Udo Hesse

(1955) German


Udo Hesse was born in Troisdorf, and began his photographic education in Berlin in 1976. His first project, in 1978, involved photographic documentation of industrial architecture in Great Britain. Since then, a freelance commercial photographer, Hesse works primarily in black-and-white, and in all camera formats. His project Haut und Haar, a series of extremely close-up images of human skin and hair, differs greatly from his portrait, dance, and architectural photographs of the last twenty years. Hesse's photographs, especially his portraits, have appeared in Art News, Interview, and Stern, among other publications. He is working on two book projects, one concentrating upon his photographs of East Berlin in the 1980s, and the other presenting a selection of his portraits of architects. Helmut Newton, Richard Avedon, and Irving Penn are important influences on his work.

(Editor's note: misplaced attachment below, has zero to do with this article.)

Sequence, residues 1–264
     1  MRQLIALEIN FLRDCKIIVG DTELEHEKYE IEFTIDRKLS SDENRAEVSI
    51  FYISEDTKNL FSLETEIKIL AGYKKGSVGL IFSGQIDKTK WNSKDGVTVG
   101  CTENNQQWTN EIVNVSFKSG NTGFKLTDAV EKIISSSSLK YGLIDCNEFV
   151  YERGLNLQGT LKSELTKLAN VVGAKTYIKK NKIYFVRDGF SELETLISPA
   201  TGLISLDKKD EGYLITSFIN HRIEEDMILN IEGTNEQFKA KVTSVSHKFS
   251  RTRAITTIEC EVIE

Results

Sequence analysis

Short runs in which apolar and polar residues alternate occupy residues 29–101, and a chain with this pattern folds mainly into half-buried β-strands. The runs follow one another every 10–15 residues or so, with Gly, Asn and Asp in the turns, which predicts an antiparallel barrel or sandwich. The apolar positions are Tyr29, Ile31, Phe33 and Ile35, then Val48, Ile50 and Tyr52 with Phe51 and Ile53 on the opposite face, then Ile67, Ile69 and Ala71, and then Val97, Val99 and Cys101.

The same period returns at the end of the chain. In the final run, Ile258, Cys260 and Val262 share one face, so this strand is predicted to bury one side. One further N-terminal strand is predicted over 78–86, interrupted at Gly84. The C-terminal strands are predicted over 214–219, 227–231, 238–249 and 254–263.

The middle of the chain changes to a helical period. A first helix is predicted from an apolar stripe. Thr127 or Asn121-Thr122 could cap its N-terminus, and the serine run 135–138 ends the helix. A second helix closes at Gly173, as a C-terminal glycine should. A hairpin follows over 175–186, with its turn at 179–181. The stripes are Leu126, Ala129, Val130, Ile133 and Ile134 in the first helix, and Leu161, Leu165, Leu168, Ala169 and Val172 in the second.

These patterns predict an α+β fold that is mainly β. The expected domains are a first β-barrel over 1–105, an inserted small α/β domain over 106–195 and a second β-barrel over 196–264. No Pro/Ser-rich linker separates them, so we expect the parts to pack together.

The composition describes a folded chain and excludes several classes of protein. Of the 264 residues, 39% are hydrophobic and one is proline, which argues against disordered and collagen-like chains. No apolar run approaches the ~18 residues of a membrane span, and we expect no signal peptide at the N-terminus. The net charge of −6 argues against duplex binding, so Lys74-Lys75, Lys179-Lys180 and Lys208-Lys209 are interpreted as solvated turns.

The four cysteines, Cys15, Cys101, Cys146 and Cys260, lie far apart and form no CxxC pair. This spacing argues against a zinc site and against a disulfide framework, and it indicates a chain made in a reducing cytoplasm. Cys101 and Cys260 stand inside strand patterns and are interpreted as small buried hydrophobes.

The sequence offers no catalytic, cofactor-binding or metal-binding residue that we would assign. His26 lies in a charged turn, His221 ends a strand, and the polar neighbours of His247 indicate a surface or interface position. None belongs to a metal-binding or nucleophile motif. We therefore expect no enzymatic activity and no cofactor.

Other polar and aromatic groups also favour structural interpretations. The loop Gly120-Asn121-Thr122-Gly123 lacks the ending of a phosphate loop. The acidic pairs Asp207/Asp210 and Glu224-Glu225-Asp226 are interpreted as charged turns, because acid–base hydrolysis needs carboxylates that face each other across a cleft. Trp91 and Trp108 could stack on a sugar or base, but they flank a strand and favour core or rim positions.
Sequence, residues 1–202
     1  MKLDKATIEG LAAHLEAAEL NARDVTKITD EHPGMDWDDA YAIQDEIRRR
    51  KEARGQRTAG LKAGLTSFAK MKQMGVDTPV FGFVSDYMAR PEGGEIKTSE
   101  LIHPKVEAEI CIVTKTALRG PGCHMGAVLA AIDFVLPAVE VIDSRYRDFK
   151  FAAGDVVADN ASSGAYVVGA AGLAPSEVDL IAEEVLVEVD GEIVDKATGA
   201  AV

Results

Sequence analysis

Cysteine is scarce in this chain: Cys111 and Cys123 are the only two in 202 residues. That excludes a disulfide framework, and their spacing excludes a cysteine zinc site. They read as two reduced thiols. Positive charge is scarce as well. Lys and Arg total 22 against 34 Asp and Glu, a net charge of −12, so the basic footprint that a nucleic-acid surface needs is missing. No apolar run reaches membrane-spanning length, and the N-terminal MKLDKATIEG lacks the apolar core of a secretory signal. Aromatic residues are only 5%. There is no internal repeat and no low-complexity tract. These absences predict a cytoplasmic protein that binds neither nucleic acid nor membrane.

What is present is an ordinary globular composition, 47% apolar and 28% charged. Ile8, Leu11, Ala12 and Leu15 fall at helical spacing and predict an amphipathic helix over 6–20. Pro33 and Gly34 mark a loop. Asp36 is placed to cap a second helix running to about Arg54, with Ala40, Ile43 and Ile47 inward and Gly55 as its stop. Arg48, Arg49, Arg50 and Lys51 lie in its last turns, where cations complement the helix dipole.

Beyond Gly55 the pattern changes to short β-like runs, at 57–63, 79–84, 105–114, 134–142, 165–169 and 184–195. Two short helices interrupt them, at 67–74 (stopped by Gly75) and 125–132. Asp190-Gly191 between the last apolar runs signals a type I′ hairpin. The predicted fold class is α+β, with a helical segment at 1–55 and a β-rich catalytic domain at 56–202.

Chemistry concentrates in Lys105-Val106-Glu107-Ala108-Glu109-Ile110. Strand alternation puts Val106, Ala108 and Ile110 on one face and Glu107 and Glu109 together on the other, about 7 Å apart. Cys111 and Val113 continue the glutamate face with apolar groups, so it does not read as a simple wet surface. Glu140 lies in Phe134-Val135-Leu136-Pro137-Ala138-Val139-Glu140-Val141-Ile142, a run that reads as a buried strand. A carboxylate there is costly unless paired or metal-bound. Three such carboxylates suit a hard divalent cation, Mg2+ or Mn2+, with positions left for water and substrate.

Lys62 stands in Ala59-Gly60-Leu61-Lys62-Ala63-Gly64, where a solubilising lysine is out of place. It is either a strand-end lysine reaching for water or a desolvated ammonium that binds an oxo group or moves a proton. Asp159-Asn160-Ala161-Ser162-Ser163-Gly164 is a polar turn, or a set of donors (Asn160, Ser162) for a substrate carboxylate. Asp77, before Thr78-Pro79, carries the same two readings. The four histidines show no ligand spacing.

Hesse's macroscopic examination of human skin and hair is part of the wealth of body-based imagery created by artists in the 1980s. Exploring the topography of the body in photographs not unlike those of his contemporary John Coplans, Hesse uses a large-format camera to capture the texture and substance of flesh in crisp, intense detail. He treats our basic corporeal material as simple fact, but effectively makes strange what is most intimate and universal to us all.
Cynthia Fredette
Handy et al. Reflections in a Glass Eye: Works from the International Center of Photography Collection, New York: Bulfinch Press in association with the International Center of Photography, 1999, p. 218.
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